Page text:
Travel like a teacher: Eastern Townships, Quebec

You may have already heard of the Cantons de l’Est, the Eastern Townships of Quebec. Coming from New England, the area has its own unique culture and yet is so accessible and relatively affordable. This year I went with my active twin 8 year old boys. Last time I was with my parents and my daughter. We always have good meals, walk around towns and do some great book shopping for my French classroom. This is a great trip for a weekend or three nights in the Fall or Spring.

I love the trip for the opportunities to be active outside and for the artisanal local products that you will enjoy in the restaurants or take home with you. With my sons, we got out for both a bike ride and a walk in the woods at a marsh. We tried Poutine from the kids’ menu at Café de la Brulerie, which was not really our thing, and buckwheat crepes at Belania d’Amour, which we liked much better. At two restaurants we went to there were wood-fired ovens, which is not surprising given the cosiness that the Quebecois seek out in the cold winter months. My boys liked seeing the large machinery at the ice creamery in Coaticook. And, we returned home with honey, Belgian-style chocolate and Duck rillettes all made right where we bought them.

Here are some hints for getting to know small-town Québec near the US border. Using Mont-Orford as a base, all of these places are nearby in the towns of Magog, Granby and Coaticook.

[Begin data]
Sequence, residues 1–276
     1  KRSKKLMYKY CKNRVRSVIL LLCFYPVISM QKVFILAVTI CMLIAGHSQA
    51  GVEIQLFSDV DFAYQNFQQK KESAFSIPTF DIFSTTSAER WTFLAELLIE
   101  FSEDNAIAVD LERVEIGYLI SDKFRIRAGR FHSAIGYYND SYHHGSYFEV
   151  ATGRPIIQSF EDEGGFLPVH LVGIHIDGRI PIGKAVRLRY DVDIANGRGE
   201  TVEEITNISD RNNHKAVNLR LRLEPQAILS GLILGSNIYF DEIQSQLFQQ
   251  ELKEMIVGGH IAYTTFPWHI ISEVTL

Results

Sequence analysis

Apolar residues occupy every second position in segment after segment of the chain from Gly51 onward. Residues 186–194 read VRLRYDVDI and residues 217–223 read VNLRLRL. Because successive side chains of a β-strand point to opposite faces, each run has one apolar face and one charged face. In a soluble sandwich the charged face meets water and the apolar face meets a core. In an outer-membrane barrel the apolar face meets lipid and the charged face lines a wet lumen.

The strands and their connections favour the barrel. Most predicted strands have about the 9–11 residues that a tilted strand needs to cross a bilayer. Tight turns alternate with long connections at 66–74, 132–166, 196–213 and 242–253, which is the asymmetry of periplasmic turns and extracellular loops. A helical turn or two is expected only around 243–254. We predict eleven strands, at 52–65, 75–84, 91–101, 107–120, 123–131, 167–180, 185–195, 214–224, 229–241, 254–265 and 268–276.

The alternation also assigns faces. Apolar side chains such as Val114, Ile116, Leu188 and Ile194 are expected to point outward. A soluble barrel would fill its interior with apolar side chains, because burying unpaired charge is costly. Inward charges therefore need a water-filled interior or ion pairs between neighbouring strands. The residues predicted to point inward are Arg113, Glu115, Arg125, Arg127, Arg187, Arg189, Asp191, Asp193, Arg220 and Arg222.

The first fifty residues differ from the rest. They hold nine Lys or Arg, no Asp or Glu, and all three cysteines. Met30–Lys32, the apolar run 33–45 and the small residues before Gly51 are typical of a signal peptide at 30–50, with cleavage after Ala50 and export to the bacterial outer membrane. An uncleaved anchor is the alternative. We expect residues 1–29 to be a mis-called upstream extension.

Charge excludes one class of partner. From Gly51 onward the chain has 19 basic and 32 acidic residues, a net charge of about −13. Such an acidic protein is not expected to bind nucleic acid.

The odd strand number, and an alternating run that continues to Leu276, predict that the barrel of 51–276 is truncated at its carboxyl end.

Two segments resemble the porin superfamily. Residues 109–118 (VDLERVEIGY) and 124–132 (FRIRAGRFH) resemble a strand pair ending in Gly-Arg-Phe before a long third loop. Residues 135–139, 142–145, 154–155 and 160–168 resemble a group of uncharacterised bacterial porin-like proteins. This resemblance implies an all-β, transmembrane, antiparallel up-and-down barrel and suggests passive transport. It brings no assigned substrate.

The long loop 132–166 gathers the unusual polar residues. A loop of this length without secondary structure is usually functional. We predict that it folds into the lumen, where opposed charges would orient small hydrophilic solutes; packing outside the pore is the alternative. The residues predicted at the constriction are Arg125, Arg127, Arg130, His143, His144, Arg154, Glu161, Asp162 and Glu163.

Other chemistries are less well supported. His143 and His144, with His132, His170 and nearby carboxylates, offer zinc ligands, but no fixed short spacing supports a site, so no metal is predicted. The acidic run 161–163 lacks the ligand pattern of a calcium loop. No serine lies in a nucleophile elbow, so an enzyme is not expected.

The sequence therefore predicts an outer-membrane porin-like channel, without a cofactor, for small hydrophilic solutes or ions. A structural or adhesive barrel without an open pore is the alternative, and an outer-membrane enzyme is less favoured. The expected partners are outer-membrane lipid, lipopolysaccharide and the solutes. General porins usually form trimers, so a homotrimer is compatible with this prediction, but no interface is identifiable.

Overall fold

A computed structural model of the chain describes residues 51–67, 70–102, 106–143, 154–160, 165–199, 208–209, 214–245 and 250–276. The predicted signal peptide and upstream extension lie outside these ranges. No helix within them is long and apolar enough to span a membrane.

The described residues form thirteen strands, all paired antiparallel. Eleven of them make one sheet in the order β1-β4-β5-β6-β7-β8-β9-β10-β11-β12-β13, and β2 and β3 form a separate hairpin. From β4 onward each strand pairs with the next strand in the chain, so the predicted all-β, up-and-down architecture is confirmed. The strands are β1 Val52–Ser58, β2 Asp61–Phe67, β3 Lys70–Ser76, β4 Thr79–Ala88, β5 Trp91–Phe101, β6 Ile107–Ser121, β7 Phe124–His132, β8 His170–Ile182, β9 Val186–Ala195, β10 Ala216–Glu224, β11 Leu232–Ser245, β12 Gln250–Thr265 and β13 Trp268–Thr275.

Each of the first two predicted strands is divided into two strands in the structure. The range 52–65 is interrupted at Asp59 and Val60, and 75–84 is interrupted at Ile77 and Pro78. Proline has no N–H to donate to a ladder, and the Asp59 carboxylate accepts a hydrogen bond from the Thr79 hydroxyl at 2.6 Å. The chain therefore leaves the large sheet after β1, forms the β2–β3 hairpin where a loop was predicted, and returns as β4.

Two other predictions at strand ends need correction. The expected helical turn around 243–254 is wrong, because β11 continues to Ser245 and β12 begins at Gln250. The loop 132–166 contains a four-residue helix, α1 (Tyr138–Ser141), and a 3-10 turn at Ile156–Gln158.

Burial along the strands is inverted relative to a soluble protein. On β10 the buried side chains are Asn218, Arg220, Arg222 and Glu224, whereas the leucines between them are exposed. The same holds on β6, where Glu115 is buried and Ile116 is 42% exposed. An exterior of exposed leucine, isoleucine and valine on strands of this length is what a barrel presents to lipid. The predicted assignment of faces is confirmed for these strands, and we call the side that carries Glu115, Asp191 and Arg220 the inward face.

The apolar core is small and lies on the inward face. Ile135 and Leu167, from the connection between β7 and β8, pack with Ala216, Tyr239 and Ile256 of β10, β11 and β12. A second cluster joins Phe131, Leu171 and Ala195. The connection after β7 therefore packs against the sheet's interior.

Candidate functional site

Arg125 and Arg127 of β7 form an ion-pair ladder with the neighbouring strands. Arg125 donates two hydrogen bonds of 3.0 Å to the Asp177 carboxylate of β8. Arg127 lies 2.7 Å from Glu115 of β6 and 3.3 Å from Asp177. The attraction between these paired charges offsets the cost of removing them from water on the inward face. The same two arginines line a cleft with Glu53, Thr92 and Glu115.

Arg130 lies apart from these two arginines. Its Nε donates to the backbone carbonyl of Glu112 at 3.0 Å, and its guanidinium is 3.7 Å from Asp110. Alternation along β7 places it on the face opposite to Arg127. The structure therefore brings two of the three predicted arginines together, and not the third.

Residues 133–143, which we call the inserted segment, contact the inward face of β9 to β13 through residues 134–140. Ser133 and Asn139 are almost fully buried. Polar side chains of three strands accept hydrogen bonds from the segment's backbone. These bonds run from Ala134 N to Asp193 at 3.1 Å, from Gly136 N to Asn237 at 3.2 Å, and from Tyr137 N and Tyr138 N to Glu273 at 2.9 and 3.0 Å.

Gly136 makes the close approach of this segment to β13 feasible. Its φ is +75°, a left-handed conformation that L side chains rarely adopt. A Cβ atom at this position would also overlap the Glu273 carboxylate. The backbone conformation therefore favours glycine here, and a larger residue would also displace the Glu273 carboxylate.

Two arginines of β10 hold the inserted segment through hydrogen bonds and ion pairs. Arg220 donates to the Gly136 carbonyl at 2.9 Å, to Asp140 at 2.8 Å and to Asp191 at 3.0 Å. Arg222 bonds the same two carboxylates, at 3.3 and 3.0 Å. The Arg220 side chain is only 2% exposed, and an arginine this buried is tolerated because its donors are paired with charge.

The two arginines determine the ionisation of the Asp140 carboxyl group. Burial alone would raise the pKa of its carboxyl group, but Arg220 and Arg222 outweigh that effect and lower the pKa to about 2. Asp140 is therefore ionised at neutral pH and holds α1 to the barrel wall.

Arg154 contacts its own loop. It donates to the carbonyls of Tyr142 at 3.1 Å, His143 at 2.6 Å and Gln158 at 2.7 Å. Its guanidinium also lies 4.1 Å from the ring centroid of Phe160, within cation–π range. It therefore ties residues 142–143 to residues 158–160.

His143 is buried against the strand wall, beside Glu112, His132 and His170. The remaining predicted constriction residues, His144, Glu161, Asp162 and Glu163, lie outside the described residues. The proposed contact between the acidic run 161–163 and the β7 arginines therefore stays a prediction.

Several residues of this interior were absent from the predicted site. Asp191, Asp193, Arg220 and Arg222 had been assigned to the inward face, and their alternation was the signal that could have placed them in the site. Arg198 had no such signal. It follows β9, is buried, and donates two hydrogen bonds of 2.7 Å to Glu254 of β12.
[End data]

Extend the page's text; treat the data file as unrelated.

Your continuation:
Mont-Orford
Hotel Cheribourg 
This is a comfortable hotel, even though we stayed in the off-season between snow and summer activities when the dining room is closed. With restaurants nearby, a café and the local supermarket, finding food wasn’t an issue. My boys enjoyed the well-equipped game room and the pool. The rooms are nicely set up and include a refrigerator and a coffee maker.
Steforno Woodfire pizza restaurant and gelato
Belania d’Amour Café with delicious healthy smoothies and buckwheat crêpes
Le Four à Bois d’Orford Wood-fire restaurant for pizza and pasta
Ducs de Montrichard Made-right-there duck rillettes to bring home in jars
La Mie d’Orford Breakfast at a deli-style restaurant with a focus on homemade

Granby
C. A. R. T. H. Y. Bike path
A great outdoor activity in this region, after all the snow activities, is biking. The bike path between Granby and Waterloo is beautiful and well maintained. I would highly recommend a half-day ride on the dedicated bike paths, viewing birch trees and reservoirs. Rent bikes in Granby right on the path at Sports aux Puces VéloGare.IMG_5802